Low blood pressure that either doesn't cause signs or symptoms or causes only mild symptoms rarely requires treatment.
If you have symptoms, treatment depends on the underlying cause. For instance, when low blood pressure is caused by medications, treatment usually involves changing or stopping the medication or lowering the dose.
If it's not clear what's causing low blood pressure or no treatment exists, the goal is to raise your blood pressure and reduce signs and symptoms. Depending on your age, health and the type of low blood pressure you have, you can do this in several ways:
Use more salt. Experts usually recommend limiting salt in your diet because sodium can raise blood pressure, sometimes dramatically. For people with low blood pressure, that can be a good thing.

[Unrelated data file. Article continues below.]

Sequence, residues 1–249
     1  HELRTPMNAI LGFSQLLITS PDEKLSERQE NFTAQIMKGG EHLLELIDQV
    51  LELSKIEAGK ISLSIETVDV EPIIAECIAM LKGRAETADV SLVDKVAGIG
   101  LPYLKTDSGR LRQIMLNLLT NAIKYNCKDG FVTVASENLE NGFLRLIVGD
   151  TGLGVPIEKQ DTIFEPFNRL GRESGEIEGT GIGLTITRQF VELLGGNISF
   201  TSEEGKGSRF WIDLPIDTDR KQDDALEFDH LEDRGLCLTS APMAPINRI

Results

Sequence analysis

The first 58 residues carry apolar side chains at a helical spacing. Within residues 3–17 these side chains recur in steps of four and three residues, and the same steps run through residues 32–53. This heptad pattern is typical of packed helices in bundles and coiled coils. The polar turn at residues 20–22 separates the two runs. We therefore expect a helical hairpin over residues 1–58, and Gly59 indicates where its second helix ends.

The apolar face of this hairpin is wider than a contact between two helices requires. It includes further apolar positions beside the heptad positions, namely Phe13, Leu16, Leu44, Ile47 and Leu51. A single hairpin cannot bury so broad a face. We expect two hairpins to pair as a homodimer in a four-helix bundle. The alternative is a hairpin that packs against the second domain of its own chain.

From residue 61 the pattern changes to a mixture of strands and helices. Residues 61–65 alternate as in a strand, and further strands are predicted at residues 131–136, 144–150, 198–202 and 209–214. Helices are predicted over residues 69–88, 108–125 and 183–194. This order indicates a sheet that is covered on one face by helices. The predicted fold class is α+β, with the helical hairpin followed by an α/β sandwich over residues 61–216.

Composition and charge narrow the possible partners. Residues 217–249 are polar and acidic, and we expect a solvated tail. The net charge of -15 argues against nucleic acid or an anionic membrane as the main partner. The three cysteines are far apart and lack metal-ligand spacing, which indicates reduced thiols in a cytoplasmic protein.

But because excess sodium can lead to heart failure, especially in older adults, it's important to check with your doctor before increasing the salt in your diet.
- Drink more water. Fluids increase blood volume and help prevent dehydration, both of which are important in treating hypotension.
- Wear compression stockings. The elastic stockings commonly used to relieve the pain and swelling of varicose veins can help reduce the pooling of blood in your legs.
- Medications. Several medications can be used to treat low blood pressure that occurs when you stand up (orthostatic hypotension). For example, the drug fludrocortisone, which boosts your blood volume, is often used to treat this form of low blood pressure.
Doctors often use the drug midodrine (Orvaten) to raise standing blood pressure levels in people with chronic orthostatic hypotension. It works by restricting the ability of your blood vessels to expand, which raises blood pressure.